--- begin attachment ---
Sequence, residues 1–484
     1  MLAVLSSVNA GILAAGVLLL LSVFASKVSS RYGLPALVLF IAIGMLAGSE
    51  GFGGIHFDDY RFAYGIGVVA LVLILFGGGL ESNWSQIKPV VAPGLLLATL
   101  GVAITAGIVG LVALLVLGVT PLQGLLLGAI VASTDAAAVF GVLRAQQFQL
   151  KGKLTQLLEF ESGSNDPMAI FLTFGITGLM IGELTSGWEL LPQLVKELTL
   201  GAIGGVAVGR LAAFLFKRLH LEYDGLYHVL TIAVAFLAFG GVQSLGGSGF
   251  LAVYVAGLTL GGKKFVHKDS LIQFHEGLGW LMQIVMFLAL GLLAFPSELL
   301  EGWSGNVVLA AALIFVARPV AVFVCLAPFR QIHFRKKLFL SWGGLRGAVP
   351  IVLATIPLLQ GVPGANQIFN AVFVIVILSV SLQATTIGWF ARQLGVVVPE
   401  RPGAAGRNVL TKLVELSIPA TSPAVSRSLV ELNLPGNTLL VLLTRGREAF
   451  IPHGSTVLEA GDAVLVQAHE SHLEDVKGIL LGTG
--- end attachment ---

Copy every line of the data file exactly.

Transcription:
Sequence, residues 1–484
     1  MLAVLSSVNA GILAAGVLLL LSVFASKVSS RYGLPALVLF IAIGMLAGSE
    51  GFGGIHFDDY RFAYGIGVVA LVLILFGGGL ESNWSQIKPV VAPGLLLATL
   101  GVAITAGIVG LVALLVLGVT PLQGLLLGAI VASTDAAAVF GVLRAQQFQL
   151  KGKLTQLLEF ESGSNDPMAI FLTFGITGLM IGELTSGWEL LPQLVKELTL
   201  GAIGGVAVGR LAAFLFKRLH LEYDGLYHVL TIAVAFLAFG GVQSLGGSGF
   251  LAVYVAGLTL GGKKFVHKDS LIQFHEGLGW LMQIVMFLAL GLLAFPSELL
   301  EGWSGNVVLA AALIFVARPV AVFVCLAPFR QIHFRKKLFL SWGGLRGAVP
   351  IVLATIPLLQ GVPGANQIFN AVFVIVILSV SLQATTIGWF ARQLGVVVPE
   401  RPGAAGRNVL TKLVELSIPA TSPAVSRSLV ELNLPGNTLL VLLTRGREAF
   451  IPHGSTVLEA GDAVLVQAHE SHLEDVKGIL LGTG